Paraguayan authorities have reported the Paraguay River is merely 9 centimeters from its all-time low as it dropped yet another 3 centimeters Friday in Asunción.
Friday's measurements at the port of the Paraguayan capital yielded a result of -0.45 m and, if the trend is not reversed, the historical record of 54 centimeters below the hydrometric zero could be surpassed.
Navigability is already minimal, which, coupled with a similar process at the Paraná River, has a significant impact on foreign trade. According to Paraguayan forecasts, the La Niña phenomenon could continue, causing more drought throughout South America. Paraguay has one of the most important barge fleets in the world and with these types of situations millionaire losses occur.
In October last year, the Paraguay River registered historical levels of decline after 51 years, with a drop of -0.54 meters (below the hydrometric zero).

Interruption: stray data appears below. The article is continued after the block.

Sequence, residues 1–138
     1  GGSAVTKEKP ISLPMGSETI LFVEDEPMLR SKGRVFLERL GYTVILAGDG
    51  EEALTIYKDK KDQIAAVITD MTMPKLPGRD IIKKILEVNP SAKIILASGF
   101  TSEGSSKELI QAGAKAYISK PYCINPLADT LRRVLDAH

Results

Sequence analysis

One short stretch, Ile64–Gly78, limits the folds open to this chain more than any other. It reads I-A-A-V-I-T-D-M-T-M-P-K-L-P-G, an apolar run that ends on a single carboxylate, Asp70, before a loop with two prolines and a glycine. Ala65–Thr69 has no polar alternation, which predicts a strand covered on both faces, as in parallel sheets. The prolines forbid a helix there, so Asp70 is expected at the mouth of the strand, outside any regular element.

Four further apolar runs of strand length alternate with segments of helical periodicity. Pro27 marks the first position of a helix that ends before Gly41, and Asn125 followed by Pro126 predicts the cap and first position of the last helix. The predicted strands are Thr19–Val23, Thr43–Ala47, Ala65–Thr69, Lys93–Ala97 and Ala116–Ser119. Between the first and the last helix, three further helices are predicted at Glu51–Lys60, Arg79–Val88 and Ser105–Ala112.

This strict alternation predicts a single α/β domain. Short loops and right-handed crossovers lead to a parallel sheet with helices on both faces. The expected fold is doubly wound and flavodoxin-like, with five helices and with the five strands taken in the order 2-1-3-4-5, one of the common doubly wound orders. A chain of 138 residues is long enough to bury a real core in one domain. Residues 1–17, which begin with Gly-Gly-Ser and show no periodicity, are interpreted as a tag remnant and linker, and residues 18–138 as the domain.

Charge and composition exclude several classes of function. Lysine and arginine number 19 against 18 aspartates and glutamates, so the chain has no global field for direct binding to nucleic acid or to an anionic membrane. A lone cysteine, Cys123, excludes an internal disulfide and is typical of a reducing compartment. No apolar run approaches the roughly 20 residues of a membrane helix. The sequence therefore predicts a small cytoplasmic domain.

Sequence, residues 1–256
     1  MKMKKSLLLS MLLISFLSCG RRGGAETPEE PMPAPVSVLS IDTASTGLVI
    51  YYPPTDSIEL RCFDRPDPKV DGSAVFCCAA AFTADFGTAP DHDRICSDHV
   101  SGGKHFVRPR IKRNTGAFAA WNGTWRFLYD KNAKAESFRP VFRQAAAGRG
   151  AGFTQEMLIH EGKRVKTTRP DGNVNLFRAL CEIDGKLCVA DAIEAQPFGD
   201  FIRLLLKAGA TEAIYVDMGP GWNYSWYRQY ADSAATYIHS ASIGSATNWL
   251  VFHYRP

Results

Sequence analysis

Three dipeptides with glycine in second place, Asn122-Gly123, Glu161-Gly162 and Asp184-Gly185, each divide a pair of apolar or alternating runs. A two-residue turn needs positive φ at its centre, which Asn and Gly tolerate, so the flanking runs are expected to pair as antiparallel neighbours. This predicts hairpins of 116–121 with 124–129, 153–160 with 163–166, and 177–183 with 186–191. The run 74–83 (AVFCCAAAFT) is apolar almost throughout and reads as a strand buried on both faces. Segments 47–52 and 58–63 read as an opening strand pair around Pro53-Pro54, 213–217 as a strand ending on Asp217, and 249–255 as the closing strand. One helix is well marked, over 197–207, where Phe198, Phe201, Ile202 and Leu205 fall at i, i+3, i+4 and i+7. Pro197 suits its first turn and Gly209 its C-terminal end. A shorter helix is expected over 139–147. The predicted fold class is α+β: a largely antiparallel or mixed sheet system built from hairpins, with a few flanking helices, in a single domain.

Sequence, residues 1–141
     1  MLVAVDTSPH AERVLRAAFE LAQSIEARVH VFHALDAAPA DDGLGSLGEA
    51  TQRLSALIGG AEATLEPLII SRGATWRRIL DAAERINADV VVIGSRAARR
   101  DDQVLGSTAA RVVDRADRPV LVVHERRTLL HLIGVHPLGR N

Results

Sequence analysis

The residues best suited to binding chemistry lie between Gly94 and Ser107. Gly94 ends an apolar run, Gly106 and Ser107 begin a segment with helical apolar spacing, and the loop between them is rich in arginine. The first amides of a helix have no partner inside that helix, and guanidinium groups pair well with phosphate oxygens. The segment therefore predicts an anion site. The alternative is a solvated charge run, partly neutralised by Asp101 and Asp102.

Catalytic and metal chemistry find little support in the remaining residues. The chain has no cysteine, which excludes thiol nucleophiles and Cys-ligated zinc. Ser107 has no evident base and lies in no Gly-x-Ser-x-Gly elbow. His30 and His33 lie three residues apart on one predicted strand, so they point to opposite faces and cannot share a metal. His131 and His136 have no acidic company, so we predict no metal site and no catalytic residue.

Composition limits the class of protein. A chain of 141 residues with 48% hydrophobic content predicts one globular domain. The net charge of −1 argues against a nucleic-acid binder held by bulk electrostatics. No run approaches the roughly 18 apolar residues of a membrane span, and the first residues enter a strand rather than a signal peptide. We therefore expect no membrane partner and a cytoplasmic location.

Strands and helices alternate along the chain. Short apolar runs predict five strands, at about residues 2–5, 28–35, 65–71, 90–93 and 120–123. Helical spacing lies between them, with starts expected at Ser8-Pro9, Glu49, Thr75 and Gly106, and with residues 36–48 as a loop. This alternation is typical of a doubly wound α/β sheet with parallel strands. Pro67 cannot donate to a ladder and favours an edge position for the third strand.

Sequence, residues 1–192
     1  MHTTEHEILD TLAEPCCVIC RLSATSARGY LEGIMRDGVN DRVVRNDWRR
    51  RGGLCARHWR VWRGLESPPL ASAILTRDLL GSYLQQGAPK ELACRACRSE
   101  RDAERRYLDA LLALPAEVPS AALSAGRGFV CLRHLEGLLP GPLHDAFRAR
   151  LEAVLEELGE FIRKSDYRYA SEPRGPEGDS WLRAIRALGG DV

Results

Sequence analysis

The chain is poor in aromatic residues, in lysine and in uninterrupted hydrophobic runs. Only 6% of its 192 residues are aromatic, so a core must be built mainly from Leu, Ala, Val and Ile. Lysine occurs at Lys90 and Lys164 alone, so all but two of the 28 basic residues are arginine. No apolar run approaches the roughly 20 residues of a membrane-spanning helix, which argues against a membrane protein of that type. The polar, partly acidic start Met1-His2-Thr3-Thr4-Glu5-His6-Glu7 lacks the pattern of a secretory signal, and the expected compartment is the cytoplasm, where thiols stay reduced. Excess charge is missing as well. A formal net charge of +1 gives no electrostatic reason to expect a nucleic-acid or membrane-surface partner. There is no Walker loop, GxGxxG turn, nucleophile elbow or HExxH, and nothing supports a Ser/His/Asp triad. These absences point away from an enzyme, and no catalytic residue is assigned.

Paraguay's Center of Fluvial and Maritime Shipowners (CAFyM) has warned it is the fourth consecutive year the sector suffers from the significant downstream of rivers.
This phenomenon may soon have consequences in the availability of fuel, since ships may carry only 50% and 60% load.
Meanwhile, Argentine authorities in the Paraguay bordering province of Formosa have forecast rains for late September or early October.
Eduardo Escalada, head of the Coast Guard's (Prefectura Naval) Formosa base, had said earlier this month that we are waiting for the rains that we need for the second half of this month or the first week of October.
Escalada had based his assessments on data from the National Water Institute (INA).
The naval officer had also recalled that last year the Paraguay River had reached -50 centimeters of water.